Maine: The Week in Review Blog Archive 2010
As I age, I’m increasingly concerned about something the TV ads refer to as “regularity,” by which they don’t mean how close you are to being a regular, normal person as opposed to a crazed old bat chasing gangbangers out of your yard with a wooden tennis racquet and a jar of prunes with an expired best-used-by date.
Two-time Olympic gold medalist Seth Wescott of Carrabassett Valley has been accorded the highest honor a male athlete can receive.
Wescott has been asked to pose nude in Playgirl.
Lewis Carroll had it right. “The time has come,” he wrote in “Through the Looking-Glass,” “to speak of many things.”
The character Carroll had making that comment was not some cute little girl who had fallen down a rabbit hole, only to end up in a Tim Burton movie.
It was none other than the Walrus, as fiendish a fictional creation as anything this side of Hannibal Lecter.
It’s nearly Feb. 27, the date on which Mainers will celebrate the 203rd birthday of Henry Wadsworth Longfellow, with concerts, lectures, fireworks, fist fights and pizza.
Longfellow, as you no doubt already know, is best known for thinking up a clever name for a major intersection in downtown Portland:
Carrabassett Valley resident Seth Wescott won an Olympic gold medal this week at the winter games in Vancouver, British Columbia. Wescott triumphed in a sport called snowboardcross, which is one of those odd Olympic events that combines two seemingly unrelated activities.
It hasn’t snowed in the western mountains of Maine since, let’s see, last July.
And that was just a dusting.
In Portland, the WinteRush festival scheduled for this weekend has been mostly cancelled, because there’s no winter – and no rush, either.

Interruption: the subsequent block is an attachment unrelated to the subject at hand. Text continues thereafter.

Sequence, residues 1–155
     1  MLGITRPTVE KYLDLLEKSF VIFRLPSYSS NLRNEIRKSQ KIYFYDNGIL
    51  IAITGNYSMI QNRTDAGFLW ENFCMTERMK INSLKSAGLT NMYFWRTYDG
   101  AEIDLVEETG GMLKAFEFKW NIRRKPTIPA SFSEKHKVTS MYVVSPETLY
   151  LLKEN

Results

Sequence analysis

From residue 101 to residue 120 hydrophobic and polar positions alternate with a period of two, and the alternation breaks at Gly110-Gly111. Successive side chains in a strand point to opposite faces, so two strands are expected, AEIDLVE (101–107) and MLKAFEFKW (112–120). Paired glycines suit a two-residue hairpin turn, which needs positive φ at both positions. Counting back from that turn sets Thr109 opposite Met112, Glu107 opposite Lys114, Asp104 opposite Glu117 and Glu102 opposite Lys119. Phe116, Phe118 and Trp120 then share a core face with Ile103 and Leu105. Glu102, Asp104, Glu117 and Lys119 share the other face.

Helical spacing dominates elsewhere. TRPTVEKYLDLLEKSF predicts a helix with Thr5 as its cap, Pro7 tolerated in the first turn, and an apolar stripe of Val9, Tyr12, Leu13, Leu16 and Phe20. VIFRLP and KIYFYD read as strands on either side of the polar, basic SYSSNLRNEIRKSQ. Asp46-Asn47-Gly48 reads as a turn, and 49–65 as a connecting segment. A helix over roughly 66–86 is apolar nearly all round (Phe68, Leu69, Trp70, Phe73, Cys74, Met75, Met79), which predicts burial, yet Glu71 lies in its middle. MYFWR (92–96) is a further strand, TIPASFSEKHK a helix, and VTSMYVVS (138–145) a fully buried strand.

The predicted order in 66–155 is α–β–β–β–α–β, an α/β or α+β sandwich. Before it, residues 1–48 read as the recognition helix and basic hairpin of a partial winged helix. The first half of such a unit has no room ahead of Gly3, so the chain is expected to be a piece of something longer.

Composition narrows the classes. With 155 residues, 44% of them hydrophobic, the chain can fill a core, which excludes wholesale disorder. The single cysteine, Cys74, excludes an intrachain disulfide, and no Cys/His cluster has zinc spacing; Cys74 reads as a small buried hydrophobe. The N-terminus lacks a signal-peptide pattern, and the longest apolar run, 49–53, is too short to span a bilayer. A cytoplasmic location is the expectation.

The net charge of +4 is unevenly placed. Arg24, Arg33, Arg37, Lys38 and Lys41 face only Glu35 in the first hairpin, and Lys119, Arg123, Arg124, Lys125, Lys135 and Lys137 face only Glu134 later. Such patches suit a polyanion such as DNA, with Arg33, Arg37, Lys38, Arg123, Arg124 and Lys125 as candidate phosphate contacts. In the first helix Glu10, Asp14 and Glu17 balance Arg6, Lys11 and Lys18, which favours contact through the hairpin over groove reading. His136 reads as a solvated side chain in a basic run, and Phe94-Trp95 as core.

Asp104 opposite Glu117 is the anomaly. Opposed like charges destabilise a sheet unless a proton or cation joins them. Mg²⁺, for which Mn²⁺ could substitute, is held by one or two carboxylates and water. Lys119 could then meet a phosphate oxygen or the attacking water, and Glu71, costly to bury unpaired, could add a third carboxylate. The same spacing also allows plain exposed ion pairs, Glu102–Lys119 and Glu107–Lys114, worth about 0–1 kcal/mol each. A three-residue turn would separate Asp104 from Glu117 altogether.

I don’t think it’s polite to make fun of people with funny names.
Uh, I mean unusual names.
Er, interesting names?
Names that stand out in a crowd? You know, in a good way.
As I was saying just the other day to my friend Amadeus Fallopian Duckbutt, such names add diversity and originality to our stifled culture. And if kids who get stuck with a moniker like Toyota Recall Hurlingutts grow up to murder their parents in their sleep that’s a small price to pay for expressing our individuality.
Something suspicious is going on across Maine’s northern border.
Or maybe not. It could just be that Canadians have a naturally shifty look. Probably a harmless side effect of being bilingual.
Nevertheless, it’s been a week filled with strange occurrences, many of them directly traceable to the exotic foreign influence of Canada. Once you’ve viewed the evidence, I doubt you’ll hesitate in demanding that Congress authorize the president to conduct an all-out nuclear strike on Saskatoon.
Until this past week, I was unaware that among the varied kinds of merchandise you can purchase in stores that sell gardening supplies and sporting goods is fox urine.
It’s even available online.
I was Christmas shopping in Portland in December, when a clerk in a liquor store, responding to my innocent query, said some of the most frightening words I’ve ever heard.
“We don’t have any Angostura bitters,” he told me. “We can’t get them.”
My wife and I use a lot of Angostura.
Comparatively speaking. One of those little four-ounce bottles lasts us six months, sometimes less.